Sunrise Wind LLC submitted a COP for its proposal to develop a wind energy facility that includes up to 94 WTGs and their associated export cables. The WTGs and offshore substation would be approximately 16.4 nm south of Martha’s Vineyard, Massachusetts, approximately 26.5 nm east of Montauk, New York, and 14.5 nm from Block Island, Rhode Island.  The onshore export cables, substation, and grid connection would be located in Holbrook, New York. 

BOEM will use the findings of the EIS to inform its decision on whether to approve the Sunrise Wind COP, and if so, which mitigation measures to require. 

During the Sunrise Wind comment period, BOEM will hold three virtual public meetings, in which the public can learn more about the review process, the EIS schedule, potential impacts from the proposed Sunrise Wind project, and proposals to reduce potential impacts.

There will also be an opportunity for participants to provide comments on the draft EIS.  The public meetings, the ZOOM links for which can be found HERE, will be held on the following dates and times (all times are Eastern): 

  • Wed., Jan. 18, 2023 – 5:00 pm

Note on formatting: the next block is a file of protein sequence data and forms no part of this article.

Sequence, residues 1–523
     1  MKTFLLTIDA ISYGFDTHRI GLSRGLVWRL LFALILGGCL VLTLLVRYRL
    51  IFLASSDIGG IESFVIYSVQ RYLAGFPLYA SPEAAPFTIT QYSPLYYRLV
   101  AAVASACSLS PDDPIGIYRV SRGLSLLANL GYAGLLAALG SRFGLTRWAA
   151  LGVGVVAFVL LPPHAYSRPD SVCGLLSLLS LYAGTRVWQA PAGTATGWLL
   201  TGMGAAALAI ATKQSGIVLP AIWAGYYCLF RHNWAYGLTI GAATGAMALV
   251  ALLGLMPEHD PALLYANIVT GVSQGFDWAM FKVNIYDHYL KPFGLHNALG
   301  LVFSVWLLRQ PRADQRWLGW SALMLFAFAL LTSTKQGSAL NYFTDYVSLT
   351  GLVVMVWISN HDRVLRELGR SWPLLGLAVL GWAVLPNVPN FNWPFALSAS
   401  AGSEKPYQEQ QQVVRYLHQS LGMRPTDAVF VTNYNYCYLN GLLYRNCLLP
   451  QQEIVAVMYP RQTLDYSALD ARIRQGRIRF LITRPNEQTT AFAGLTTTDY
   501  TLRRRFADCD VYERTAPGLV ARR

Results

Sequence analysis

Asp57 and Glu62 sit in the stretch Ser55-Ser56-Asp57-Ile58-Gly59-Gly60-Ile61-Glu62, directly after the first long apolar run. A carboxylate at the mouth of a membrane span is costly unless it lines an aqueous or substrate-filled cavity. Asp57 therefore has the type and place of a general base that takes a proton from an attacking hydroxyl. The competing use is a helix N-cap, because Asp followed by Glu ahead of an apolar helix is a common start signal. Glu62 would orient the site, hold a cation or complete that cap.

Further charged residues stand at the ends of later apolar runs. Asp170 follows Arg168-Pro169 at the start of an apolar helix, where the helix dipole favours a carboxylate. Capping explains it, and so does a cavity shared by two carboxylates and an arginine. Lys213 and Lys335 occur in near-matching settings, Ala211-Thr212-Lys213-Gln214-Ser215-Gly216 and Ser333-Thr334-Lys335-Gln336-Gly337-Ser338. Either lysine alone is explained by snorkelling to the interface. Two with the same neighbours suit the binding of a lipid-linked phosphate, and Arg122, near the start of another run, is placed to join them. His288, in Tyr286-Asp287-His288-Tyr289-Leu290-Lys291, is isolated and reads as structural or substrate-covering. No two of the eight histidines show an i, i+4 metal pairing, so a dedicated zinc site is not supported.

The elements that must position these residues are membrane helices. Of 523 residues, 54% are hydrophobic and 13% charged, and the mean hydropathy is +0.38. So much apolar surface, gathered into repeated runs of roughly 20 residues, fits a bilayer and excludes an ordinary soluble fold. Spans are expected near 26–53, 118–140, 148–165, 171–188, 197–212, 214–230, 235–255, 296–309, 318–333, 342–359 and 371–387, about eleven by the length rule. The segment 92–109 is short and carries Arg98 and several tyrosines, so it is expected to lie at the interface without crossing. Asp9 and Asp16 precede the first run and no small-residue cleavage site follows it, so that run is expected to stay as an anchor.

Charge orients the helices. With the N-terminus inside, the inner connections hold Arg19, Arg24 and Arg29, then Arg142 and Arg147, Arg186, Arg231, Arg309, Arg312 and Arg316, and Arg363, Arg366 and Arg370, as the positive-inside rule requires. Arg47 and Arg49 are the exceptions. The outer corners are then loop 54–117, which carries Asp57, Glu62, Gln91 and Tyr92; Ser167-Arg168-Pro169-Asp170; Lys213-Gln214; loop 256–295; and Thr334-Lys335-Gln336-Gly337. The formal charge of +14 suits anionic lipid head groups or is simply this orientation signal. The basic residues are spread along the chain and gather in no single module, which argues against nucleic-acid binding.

• Thurs., Jan. 19, 2023 – 5:00 pm 
  • Mon., Jan. 23, 2023 – 1:00 pm 

A virtual meeting room will be on BOEM’s website starting on Dec. 16, 2022.  It will be available throughout the 60-day comment period and will include information about the draft EIS, as well as how to register for the virtual public meetings and provide comments. 

More information on the proposed Sunrise Wind project can be found on BOEM’s website: https://www.boem.gov/renewable-energy/state-activities/sunrise-wind-activities.    

Guice Offshore Has the Jones Act-Compliant Supply, Support and Platform Vessels To Help Meet America’s Offshore Wind Goals

In response to the March 2022 National Renewable Energy Laboratory report outlining in part the need for six types of offshore vessels in order to fulfill offshore wind power supply chain needs to reach the United States’ national offshore wind goal of 30 gigawatts (GW) by 2030, Guice Offshore (“GO”) Vice President David Scheyd said:

“Our growing fleet of Jones Act-compliant, dynamically positioned offshore supply vessels, mini supply vessels and platform vessels is well positioned to help meet our nation’s wind energy infrastructure installation and service goal deadlines, whether it’s crew transfer, service, cable laying, subsea work like scour protection or equipment transportation.”

To get a link to the report, entitled “The Demand for a Domestic Offshore Wind Energy Supply Chain,” and its concurrent   report, “America’s Strategy to Secure the Supply Chain for a Robust Clean Energy Transition,” click here:  https://lnkd.in/gXMGRmqj